My favorite doc reminds me that the word comes from the Latin “doctore” – to teach. Y’all have done a bit of that for one trying-to-be-semi-informed patient- thx.

  8. Goat Whacker says:

    Belinda, you raise very good points. If your husband were having stroke symptoms as you mention above and you and he came to my ER, I am required to tell you about TPA and give you that option (assuming he met criteria to receive it). This is a bit of an ethical problem since I believe TPA is a bad treatment and stands a good chance of killing the patient. Still, it is FDA approved and taught in ACLS courses so I have to tell you about it and give you that option.

    In practice though, the percentage of patients who actually meet the guidelines to receive TPA is tiny. Of those that do, the family or patient will almost always ask me what I think they should do, and go with my advice.

    It’s just amazing to me that while medications like Vioxx, Rezulin, Redux, etc are removed from the market, TPA not only stays on the market (for treatment of CVA), but is heavily pushed. At least those other meds had some proven benefits to go along with their bad side effects. As someone else pointed out, TPA usage in strokes is all based on one study of about 300 patients that hasn’t been well duplicated.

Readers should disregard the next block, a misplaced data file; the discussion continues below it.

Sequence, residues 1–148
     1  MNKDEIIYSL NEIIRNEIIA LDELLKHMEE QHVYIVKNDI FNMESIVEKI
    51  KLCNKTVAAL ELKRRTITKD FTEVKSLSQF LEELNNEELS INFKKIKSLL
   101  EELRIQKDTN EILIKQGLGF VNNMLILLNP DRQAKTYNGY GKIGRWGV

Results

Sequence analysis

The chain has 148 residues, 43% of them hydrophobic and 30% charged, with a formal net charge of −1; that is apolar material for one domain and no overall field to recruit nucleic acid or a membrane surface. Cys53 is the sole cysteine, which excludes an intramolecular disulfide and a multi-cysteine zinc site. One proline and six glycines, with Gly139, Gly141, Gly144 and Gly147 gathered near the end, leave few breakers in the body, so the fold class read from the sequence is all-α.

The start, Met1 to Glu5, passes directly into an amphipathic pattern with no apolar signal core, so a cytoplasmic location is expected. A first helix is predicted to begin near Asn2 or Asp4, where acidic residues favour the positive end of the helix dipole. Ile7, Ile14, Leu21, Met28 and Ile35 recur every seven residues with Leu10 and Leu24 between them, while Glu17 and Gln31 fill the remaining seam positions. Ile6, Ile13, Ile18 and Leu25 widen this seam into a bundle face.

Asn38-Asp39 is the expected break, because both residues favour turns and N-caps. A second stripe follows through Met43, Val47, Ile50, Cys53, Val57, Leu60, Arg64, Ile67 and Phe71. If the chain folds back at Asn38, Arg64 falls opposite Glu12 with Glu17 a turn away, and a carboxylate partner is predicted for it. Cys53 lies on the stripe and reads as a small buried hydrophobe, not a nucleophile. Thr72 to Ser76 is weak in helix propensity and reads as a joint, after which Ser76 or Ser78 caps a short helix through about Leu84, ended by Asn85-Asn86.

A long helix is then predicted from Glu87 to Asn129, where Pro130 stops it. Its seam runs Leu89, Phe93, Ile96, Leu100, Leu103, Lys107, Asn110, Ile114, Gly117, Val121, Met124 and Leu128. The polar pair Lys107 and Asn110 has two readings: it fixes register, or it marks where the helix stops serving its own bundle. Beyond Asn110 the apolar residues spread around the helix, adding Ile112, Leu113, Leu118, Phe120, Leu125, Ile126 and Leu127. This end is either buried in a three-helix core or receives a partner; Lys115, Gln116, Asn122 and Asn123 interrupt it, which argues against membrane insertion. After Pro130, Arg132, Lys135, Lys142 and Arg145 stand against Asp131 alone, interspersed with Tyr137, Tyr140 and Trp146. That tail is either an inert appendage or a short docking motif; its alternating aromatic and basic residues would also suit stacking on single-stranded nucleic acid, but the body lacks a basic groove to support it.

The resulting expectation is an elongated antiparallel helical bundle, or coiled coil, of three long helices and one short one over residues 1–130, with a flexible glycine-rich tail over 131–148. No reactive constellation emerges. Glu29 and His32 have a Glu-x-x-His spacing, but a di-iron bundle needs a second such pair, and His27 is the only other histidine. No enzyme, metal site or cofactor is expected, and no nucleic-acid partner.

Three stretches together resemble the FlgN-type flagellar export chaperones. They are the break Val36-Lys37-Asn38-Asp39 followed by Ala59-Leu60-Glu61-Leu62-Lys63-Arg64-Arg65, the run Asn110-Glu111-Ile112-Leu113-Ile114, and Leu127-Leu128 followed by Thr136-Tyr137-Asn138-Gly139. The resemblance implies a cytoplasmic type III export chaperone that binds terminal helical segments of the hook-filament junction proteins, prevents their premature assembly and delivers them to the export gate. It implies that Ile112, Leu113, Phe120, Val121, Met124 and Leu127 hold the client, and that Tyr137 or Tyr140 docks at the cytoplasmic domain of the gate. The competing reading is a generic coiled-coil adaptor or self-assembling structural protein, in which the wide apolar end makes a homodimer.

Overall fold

My final beef with TPA is that in order to expect the kind of results found in the NINDS study, I have to be able to duplicate the study conditions closely. As I have worked mainly in smaller ER’s, I don’t have neuroradiologists and neurologists around most of the time. I would guess most ER docs out in the boonies don’t have the training of the ER docs in the NINDS study either. This raises the possibility that the TPA will be given inappropriately a higher percentage of the time in small ER’s. In my opinion, small ER’s shouldn’t even be thinking about this stuff.

  9. As a neurologist preparing to talk to our ER staff about tPA, I came across your comments and feel compelled to respond.

    Although tPA certainly increases the risk of brain hemorrhage (6% vs .6% in original NINDS study), there was actually a slightly lower mortality in patients who received tPA (3 month mortality was 17% in those receiving tPA and 21% in those receiving placebo). What this shows is that stroke carries a high risk of death besides the risk of hemorrhage. There is risk in tPA treatment, but also risk in not treating with it.